Most mammals naturally produce a carbohydrate known as Neu5Gc — humans do not. However, when we eat red meat, animal Neu5Gc is incorporated in our tissues. As the carbohydrate builds up, our immune systems treat Neu5Gc as a foreign invader, generating antibodies against it. That’s why red meat-rich diets are associated with chronic inflammation and related diseases, such as colon cancer and atherosclerosis.
Researchers at University of California San Diego School of Medicine recently discovered how gut bacteria employ enzymes to strip our cells of their Neu5Gc content so they can feast on underlying sugars, and in doing so, release the carbohydrate into the bloodstream.
The study, published September 23, 2019 in Nature Microbiology, introduces the possibility of using these bacterial enzymes, called sialidases, to clear Neu5Gc from our tissues and potentially remove the carbohydrate from red meat before it’s consumed.
Most mammals naturally produce a carbohydrate known as Neu5Gc — humans do not. However, when we eat red meat, animal Neu5Gc is incorporated in our tissues. Image: Pixabay
“It’s our hope that this approach could be used as a sort of probiotic or prebiotic to help reduce inflammation and the risk of inflammatory diseases — without giving up steak,” said senior author Karsten Zengler, PhD, professor of pediatrics and bioengineering at UC San Diego.
Scientists have known for decades that colon cancer and atherosclerosis are more common in people who eat a lot of red meat, but not in non-human carnivores. Neu5Gc was implicated as the link between red meat consumption and these human diseases in previous studies by study co-author Ajit Varki, MD, Distinguished Professor of Medicine and Cellular and Molecular Medicine at UC San Diego School of Medicine, and colleagues. They showed that dietary Neu5Gc promotes inflammation, tumors and atherosclerosis in Neu5Gc-deficient (humanized) mice.
In their latest study, Zengler’s team used similar humanized mice (mouse models that have been genetically modified to reflect human biology in some way) to determine how diet influences the makeup of the microbiomes — communities of microbes, particularly bacteria — living in the gut. The mice were fed either an Neu5Gc-rich red meat diet or one of two control diets that lacked the carbohydrate.
Overall, the red meat-like diet was associated with less bacterial diversity in the mouse gut microbiomes. Yet there were several bacteria types that were more abundant in the guts of the Neu5Gc-fed mice than the mice that didn’t consume the meat-related carbohydrate. One of these was Bacteroides, a type of bacteria known for surviving on carbohydrates.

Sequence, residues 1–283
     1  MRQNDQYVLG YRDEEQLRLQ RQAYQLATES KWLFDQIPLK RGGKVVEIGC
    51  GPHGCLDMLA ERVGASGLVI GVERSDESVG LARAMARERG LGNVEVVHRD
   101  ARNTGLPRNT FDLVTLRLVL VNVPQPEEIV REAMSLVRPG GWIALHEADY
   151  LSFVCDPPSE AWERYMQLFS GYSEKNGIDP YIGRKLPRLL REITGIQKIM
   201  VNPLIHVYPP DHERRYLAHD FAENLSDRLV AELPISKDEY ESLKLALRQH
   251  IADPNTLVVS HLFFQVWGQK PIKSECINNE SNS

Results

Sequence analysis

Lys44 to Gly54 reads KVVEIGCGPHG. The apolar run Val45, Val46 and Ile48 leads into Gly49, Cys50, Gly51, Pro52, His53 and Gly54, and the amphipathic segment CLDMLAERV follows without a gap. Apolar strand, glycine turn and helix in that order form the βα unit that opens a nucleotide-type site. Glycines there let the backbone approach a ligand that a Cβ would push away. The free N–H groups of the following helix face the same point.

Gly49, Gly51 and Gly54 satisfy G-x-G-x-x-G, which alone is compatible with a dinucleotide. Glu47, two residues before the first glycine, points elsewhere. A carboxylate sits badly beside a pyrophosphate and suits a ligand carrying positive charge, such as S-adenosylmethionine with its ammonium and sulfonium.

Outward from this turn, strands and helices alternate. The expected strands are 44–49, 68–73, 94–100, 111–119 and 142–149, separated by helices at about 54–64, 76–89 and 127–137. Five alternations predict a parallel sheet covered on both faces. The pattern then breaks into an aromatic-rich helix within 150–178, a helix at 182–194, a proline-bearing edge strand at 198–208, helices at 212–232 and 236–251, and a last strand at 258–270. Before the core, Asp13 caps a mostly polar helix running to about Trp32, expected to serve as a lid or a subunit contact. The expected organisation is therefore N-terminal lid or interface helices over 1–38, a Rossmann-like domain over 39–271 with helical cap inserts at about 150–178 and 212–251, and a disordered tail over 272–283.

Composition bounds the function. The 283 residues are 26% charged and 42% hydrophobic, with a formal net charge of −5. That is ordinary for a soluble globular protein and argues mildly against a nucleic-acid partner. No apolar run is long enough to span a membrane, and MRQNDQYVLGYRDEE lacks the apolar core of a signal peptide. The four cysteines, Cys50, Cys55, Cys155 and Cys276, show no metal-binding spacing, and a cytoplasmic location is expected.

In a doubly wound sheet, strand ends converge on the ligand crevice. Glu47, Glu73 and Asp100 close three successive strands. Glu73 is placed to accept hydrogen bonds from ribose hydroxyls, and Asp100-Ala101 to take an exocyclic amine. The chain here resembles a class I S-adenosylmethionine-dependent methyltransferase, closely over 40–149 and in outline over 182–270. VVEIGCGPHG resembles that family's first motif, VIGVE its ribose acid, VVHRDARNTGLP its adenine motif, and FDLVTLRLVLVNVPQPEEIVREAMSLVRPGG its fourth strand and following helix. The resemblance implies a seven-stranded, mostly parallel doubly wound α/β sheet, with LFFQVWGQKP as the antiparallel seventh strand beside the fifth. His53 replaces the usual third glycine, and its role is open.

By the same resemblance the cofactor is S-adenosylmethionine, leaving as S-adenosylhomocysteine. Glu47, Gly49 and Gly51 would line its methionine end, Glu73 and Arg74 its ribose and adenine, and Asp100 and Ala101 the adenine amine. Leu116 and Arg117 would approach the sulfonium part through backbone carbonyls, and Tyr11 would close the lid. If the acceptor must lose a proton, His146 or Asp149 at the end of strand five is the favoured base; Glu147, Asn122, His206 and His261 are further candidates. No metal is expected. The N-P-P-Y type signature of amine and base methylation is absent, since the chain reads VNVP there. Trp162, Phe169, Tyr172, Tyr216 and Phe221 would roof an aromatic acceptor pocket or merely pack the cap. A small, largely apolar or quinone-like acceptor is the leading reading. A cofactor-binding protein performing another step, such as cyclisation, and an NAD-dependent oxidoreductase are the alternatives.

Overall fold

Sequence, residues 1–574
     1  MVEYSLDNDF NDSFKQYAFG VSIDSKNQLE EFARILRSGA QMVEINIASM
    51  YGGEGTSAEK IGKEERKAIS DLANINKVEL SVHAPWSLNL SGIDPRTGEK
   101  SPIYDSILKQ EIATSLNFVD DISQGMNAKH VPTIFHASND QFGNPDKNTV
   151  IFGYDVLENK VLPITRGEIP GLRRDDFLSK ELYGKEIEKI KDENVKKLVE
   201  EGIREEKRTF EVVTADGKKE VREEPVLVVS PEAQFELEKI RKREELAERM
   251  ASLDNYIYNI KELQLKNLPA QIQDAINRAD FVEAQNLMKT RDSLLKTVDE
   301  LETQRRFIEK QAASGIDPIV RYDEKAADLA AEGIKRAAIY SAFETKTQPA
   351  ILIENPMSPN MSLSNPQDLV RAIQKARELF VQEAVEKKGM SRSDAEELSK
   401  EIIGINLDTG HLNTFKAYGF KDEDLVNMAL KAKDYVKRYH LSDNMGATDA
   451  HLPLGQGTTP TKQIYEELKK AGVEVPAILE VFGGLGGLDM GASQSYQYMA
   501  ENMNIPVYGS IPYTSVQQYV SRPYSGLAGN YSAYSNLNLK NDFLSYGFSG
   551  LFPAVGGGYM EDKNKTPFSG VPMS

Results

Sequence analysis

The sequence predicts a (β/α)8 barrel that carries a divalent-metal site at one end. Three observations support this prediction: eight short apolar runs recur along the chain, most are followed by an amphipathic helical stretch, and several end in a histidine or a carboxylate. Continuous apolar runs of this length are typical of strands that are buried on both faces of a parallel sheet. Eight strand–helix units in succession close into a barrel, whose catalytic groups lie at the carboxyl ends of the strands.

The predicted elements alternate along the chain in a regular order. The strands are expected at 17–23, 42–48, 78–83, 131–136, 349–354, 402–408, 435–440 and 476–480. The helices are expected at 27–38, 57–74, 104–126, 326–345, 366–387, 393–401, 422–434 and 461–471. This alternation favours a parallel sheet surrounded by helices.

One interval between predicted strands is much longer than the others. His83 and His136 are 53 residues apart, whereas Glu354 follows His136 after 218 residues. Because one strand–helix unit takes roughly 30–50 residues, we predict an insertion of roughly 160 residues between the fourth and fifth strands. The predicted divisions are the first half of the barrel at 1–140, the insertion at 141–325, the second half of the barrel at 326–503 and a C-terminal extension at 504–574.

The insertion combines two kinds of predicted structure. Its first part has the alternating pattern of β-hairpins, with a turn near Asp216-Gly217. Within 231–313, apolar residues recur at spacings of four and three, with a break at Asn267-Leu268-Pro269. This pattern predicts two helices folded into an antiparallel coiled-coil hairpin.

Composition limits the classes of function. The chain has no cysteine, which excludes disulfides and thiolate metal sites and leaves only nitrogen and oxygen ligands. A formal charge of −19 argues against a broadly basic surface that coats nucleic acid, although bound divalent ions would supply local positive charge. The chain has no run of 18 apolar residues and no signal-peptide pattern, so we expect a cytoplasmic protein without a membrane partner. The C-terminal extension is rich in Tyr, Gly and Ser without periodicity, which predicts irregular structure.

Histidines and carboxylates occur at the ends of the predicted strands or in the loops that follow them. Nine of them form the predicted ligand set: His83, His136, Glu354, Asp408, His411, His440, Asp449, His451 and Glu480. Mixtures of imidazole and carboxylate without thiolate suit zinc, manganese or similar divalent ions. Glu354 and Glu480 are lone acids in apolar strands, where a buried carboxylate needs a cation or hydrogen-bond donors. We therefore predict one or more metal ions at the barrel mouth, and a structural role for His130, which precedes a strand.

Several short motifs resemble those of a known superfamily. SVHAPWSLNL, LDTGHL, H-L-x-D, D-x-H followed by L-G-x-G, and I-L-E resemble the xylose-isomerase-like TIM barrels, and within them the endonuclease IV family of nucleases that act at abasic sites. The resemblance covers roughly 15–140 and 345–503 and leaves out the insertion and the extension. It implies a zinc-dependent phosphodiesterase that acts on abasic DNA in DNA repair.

More specifically, a Bacteroides enzyme was especially plentiful in the Neu5Gc-fed mice — a new type of sialidase that cleaves Neu5Gc off of cells.
To determine how the mouse results might translate to humans, Zengler originally hoped to conduct a study in which people would eat a vegetarian diet for two months, then switch to meat consumption for two months, all while the team tracked how their gut microbiomes and sialidases changed. Instead of launching such a study, which would have been costly, Zengler found a naturally occurring experiment in the lifestyle of the Hadza, an indigenous hunter-gatherer group that lives in a remote region of Tanzania, in East Africa. In the dry season, the Hadza hunt and eat meat. In the wet season, they can’t hunt and rely instead on a diet primarily of berries and honey.
Other research groups have previously studied the Hadza and their microbiomes. Examining publicly available genomic data from Hadza gut bacteria over time, Zengler’s team noticed that Bacteroides containing the sialidase gene were at least twice more abundant during the dry (meat-eating) season, compared to the wet season.
But just because sialidase genes are present doesn’t necessarily mean they’re also active. So researchers synthesized the Hadza bacterial sialidase gene and produced the enzyme in the lab. The resulting sialidase was active and preferred non-human Neu5Gc over similar human carbohydrates.
Zengler then took the study a step further: to the grocery store. His team bought steak and pork sausage from a local store and brought it back to the lab. They rubbed their lab-made sialidase on the meat and, sure enough, most of the Neu5Gc came right off.
“The approach isn’t perfect yet — the sialidase enzyme prefers to cleave Neu5Gc, but it still cleaves a bit of a similar human carbohydrate,” said Zengler, who is also a faculty member in the Center for Microbiome Innovation at UC San Diego.
He and his team are now working to optimize the enzyme to increase its specificity. The team also wants to explore methods to mass produce the enzyme and further explore its potential for preventing inflammation and inflammatory diseases.
Co-authors include: Livia S. Zaramela, Cameron Martino, Frederico Alisson-Silva, Steven D. Rees, Sandra L. Diaz, Patrick Secrest, Cristal Zuñiga, Jianbo Huang, Dionicio Siegel, Geoffrey Chang, UC San Diego; Léa Chuzel, Mehul B. Ganatra, and Christopher H. Taron, New England Biolabs.
This research was funded, in part, by the National Institutes of Health (grants R01GM32373, T32GM8806), National Science Foundation (IOS-1444435), UC San Diego Chancellor’s Research Excellence Scholarship, and Science Without Borders (Bex 9254-13-7, Capes Brazil).
Disclosure: Livia S. Zaramela, Cameron Martino, Frederico Alisson-Silva, Sandra L. Diaz, Steve Rees, Geoffrey Chang, Ajit Varki and Karsten Zengler are inventors on a patent application that claims the use of sialidases to reduce Neu5Gc.